Wagah Border Ceremony Photo Gallery

Wagah, border-closing ceremony at Pakistan-India border near Lahore, Punjab, Pakistan
••• Marketa Jirouskova/Getty Images
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    Indian Side of Wagah Border

    Indian tri-color flying high onswarna jayanti dwar at india-pakistan international border at wagah, Punjab
    ••• Dharmesh Thakker/Getty Images

    Everyday of the year, just before sunset, a flag lowering ceremony takes place at the Wagah Border between India and Pakistan. The Wagah Border ceremony is a popular tourist attraction and side trip from Amritsar, in Punjab state, India.

    The ceremony, which has been going on since 1959, lasts for around 45 minutes in total. It starts with high patriotic spirits from sides of the border. Soldiers march towards the gate at the border, which is thrown open when they reach there. The soldiers salute each other other and start lowering the flags.

    The flags are lowered at the same time. The soldiers retrieve and fold the flags, the gate slams shut, and a trumpet sounds the end of the ceremony. The soldiers then return with their country's respective flag.

    See photos of the Wagah Border ceremony in this gallery. To find out more about the ceremony, have a read of Saurabh Srivastava's fascinating Wagah Border Travelogue.

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    Welcome to India

    Sign at the Wagah Border.
    ••• Welcome sign at the Wagah Border. Education Images/UIG/Getty Images.
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    Indian Border Security Soldier

    Indian Border Security Force soldier.
    ••• Huw Jones/Getty Images
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    Pakistani Side of Wagah Border

    Truck crossing between India and Pakistan at Wagah border crossing near Amritsar.
    ••• Graham Crouch/Getty Images

    A truck passes through the Pakistani side of the Wagah border during the day.


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    Indian and Pakistani Flags Raised

    Wagah Border Ceremony, India
    ••• Mohan Singh/Getty Images

    Indian and Pakistani flags are raised at the Wagah Border gate during the day.

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    Indian Soldiers March to the Gate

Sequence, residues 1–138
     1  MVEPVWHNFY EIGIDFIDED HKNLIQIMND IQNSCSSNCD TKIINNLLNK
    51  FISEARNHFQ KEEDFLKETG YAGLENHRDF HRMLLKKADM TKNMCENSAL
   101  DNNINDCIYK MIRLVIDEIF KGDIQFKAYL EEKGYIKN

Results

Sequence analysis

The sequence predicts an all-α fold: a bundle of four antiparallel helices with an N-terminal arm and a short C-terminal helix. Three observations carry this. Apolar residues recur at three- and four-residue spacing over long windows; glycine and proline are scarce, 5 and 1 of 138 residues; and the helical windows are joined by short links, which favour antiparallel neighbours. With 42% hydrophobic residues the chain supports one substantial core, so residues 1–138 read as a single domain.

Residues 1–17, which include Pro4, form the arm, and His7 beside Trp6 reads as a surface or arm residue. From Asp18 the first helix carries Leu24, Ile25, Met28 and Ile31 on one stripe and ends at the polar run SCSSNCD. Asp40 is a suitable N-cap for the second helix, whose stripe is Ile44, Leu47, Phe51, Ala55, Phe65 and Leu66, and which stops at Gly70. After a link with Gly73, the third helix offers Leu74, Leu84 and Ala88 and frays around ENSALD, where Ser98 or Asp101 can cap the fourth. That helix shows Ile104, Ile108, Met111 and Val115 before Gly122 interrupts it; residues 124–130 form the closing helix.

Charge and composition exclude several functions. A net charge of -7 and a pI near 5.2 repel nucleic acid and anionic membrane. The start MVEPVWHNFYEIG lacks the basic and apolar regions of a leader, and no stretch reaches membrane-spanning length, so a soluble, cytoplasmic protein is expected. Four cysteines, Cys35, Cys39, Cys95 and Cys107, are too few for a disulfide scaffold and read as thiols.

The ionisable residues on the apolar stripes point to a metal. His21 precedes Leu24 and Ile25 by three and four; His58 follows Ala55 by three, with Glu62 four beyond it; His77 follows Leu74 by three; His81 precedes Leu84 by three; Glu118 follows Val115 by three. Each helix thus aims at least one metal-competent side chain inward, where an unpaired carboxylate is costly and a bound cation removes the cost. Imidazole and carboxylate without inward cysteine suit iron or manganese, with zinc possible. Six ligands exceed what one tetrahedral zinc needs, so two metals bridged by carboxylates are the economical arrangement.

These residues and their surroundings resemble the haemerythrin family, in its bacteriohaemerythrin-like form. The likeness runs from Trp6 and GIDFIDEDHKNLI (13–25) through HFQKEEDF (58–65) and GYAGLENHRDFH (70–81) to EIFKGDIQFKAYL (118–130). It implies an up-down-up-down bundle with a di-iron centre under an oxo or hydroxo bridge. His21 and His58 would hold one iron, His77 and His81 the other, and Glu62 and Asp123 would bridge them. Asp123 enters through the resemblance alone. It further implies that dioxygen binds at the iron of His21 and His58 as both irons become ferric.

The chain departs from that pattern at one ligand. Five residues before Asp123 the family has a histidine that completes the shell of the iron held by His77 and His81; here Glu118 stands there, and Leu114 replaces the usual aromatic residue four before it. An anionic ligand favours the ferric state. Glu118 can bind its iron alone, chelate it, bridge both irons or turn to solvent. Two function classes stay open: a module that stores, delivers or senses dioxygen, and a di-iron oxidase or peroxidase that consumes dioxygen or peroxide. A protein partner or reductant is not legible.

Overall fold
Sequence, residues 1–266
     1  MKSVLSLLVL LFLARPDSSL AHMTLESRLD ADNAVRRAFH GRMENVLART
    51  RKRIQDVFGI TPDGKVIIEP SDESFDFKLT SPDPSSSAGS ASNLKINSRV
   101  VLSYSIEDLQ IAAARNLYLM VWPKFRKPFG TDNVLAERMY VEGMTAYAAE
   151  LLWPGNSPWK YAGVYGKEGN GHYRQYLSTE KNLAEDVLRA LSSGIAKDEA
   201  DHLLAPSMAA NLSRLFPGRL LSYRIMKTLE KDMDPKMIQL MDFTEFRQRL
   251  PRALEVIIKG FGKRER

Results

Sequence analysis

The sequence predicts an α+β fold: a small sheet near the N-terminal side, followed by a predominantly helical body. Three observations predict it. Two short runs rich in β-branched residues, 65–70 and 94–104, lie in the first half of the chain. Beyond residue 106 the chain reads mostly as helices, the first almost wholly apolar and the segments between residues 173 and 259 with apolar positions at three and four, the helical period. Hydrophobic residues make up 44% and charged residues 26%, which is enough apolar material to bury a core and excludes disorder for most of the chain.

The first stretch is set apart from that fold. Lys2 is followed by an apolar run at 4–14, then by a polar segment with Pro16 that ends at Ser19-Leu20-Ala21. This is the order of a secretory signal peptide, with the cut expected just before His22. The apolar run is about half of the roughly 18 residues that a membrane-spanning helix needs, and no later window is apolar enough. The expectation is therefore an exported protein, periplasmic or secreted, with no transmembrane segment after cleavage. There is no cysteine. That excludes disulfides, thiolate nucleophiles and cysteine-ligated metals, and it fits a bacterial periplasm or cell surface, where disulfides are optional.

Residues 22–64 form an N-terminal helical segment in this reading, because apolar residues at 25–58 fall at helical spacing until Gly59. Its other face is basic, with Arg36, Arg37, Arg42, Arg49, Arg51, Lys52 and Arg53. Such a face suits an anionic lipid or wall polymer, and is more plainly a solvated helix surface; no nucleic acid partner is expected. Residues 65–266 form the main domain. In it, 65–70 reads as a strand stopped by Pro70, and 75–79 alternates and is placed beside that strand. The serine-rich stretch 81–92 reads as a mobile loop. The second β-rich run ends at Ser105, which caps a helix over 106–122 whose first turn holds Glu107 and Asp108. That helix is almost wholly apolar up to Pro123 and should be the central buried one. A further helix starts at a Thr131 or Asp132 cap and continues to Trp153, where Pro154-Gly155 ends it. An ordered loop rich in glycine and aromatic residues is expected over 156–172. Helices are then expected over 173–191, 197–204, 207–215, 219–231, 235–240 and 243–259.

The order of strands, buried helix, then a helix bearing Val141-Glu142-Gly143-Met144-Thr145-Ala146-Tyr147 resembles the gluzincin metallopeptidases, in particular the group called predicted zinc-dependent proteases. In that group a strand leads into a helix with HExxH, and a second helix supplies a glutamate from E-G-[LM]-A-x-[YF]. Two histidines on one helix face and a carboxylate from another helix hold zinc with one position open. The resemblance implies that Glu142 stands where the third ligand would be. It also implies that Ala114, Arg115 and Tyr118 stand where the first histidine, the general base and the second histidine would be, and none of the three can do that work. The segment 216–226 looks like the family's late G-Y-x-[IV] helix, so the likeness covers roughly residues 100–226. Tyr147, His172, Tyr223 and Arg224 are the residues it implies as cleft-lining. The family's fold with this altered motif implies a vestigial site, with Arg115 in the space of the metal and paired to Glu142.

Soldiers march to Wagah Border.
    ••• Lindsay Brown/Getty Images.

    The Wagah Border closing ceremony starts with the formidable marching of soldiers from both sides to the border gates.

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    Pakistani Soldiers March to the Gate

    Pakistani Soldiers Marching at Wagah Border
    ••• SM Rafiq Photography/Getty Images.
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    Wagah Border Gate Opens

    Wagah Border gate opens.
    ••• Getty Images/Marketa Jirouskova

    The two countries are separated by two heavy gates set a couple of meters apart. The gates are closed well before the ceremony starts in the evening, and are opened briefly to allow for the flags to be lowered.

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    Flag Lowering

    Wagah Border Ceremony, Punjab
    ••• Feng Wei Photography/Getty Images
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    Closing Handshake

    Soldiers at Wagah Border greeting.
    ••• Nadeem Khawar / Contributor/Getty Images.

    The Wagah Border ceremony is concluded with a brisk handshake by soldiers from both sides.

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    Carrying the Flag

    Carying the flag at the Wagah Border.
    ••• Mohan Singh/Getty Images.

    After the Wagah Border closing ceremony is over, the flags are carefully folded and carried away to be stored for the night.

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    Indian National Symbol

    ••• Sudeep Saha

    This statue of the national emblem of India sits on top of the pillars on either side of the Wagah Border gate.

    The emblem was adopted by the Indian Government on January 26, 1950. It has four lions, with the Dharma Chakra (wheel of law) in the center of the base, and a bull and horse on either side. The lions are replicas of the Lion of Sarnath, near Varanasi in Uttar Pradesh. It was erected in the third century BC by Emperor Ashoka to mark the spot where the Buddha first taught. The lion symbolizes India's commitment to world peace and goodwill.